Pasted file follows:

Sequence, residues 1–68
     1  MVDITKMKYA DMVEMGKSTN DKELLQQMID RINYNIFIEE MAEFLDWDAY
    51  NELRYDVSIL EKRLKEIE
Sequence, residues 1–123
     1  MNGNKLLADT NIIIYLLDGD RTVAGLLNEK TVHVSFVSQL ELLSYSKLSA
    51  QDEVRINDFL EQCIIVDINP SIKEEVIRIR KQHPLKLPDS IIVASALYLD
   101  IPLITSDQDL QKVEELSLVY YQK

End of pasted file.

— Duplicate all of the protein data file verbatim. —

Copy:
Sequence, residues 1–68
     1  MVDITKMKYA DMVEMGKSTN DKELLQQMID RINYNIFIEE MAEFLDWDAY
    51  NELRYDVSIL EKRLKEIE
Sequence, residues 1–123
     1  MNGNKLLADT NIIIYLLDGD RTVAGLLNEK TVHVSFVSQL ELLSYSKLSA
    51  QDEVRINDFL EQCIIVDINP SIKEEVIRIR KQHPLKLPDS IIVASALYLD
   101  IPLITSDQDL QKVEELSLVY YQK